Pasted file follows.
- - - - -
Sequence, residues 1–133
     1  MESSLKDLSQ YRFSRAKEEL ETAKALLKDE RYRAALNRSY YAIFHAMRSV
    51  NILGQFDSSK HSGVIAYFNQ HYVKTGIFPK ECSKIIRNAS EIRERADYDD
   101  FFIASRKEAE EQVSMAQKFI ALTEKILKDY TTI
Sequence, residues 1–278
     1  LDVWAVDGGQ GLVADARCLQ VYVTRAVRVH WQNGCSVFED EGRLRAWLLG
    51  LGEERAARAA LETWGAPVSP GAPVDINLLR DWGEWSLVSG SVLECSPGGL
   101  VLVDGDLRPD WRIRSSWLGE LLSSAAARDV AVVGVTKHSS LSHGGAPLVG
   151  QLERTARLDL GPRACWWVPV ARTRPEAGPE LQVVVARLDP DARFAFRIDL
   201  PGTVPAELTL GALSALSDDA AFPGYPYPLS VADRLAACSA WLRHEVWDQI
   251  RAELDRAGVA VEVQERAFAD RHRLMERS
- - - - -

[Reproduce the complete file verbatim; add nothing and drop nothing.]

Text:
Sequence, residues 1–133
     1  MESSLKDLSQ YRFSRAKEEL ETAKALLKDE RYRAALNRSY YAIFHAMRSV
    51  NILGQFDSSK HSGVIAYFNQ HYVKTGIFPK ECSKIIRNAS EIRERADYDD
   101  FFIASRKEAE EQVSMAQKFI ALTEKILKDY TTI
Sequence, residues 1–278
     1  LDVWAVDGGQ GLVADARCLQ VYVTRAVRVH WQNGCSVFED EGRLRAWLLG
    51  LGEERAARAA LETWGAPVSP GAPVDINLLR DWGEWSLVSG SVLECSPGGL
   101  VLVDGDLRPD WRIRSSWLGE LLSSAAARDV AVVGVTKHSS LSHGGAPLVG
   151  QLERTARLDL GPRACWWVPV ARTRPEAGPE LQVVVARLDP DARFAFRIDL
   201  PGTVPAELTL GALSALSDDA AFPGYPYPLS VADRLAACSA WLRHEVWDQI
   251  RAELDRAGVA VEVQERAFAD RHRLMERS